On the Cover: Aperture’s “Family” Issue

Liz Johnson Artur, Johnny’s wedding guests, London, 2002
Courtesy the artist

Since the early 1990s, Liz Johnson Artur has been photographing individuals of the African diaspora throughout London, Kingston, Brooklyn, and beyond, capturing moments of joy and community in a colorful, intimate style. The cover of Aperture’s Winter 2018 issue, “Family” is a collage by Johnson Artur featuring a photograph from 2002 overlaid on a page of braille text. “Johnny Sapong invited me to his wedding,” Johnson Artur told Aperture. “It was a Ghanaian–English wedding. I took my camera with me. There was a tent in the garden for the ‘official’ photographer to take formal pictures. I took this picture while the couple were getting ready for the ‘formal’ picture.”

Johnson Artur frequently collects her images into notebooks and workbooks, and sometimes incorporates these materials in the presentation of her archives, including the picture of Johnny’s weddings guests. “Many years ago, I found an Iris Murdoch novel in a charity shop,” she said. “It was printed in six large braille volumes. I have been using them ever since to put words and pictures closer together.”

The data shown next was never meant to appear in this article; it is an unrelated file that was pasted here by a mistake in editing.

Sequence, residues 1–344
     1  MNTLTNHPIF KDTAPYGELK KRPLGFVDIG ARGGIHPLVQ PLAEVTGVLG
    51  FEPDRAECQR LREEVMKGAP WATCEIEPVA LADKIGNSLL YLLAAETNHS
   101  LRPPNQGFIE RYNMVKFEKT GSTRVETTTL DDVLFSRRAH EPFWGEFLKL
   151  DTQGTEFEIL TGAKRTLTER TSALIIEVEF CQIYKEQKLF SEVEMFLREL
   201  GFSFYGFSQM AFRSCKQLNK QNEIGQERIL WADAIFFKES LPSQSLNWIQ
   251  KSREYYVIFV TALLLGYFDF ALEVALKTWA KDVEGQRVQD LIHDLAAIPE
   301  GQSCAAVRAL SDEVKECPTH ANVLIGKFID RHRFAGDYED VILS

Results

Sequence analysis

The family portrait, in all of its permutations and possibilities, is about making history. Aperture’s “Family” issue, which includes photography and writing by David Armstrong, Tammy Rae Carland, Masahisa Fukase, Justine Kurland, Diana Markosian, Lynne Tillman, Stefan Ruiz, John Jeremiah Sullivan, and Deborah Willis, also features a profile of Liz Johnson Artur by the London-based curator and writer Ekow Eshun. “What I do is people,” Johnson Artur said. “But it’s those people who are my neighbors.” At first, Johnson Artur didn’t see those lives represented anywhere. So, like many of the photographers in this issue, she pictured them herself. She made a world and a family of her own.

Read more in Aperture 233, “Family,” now available for pre-order.

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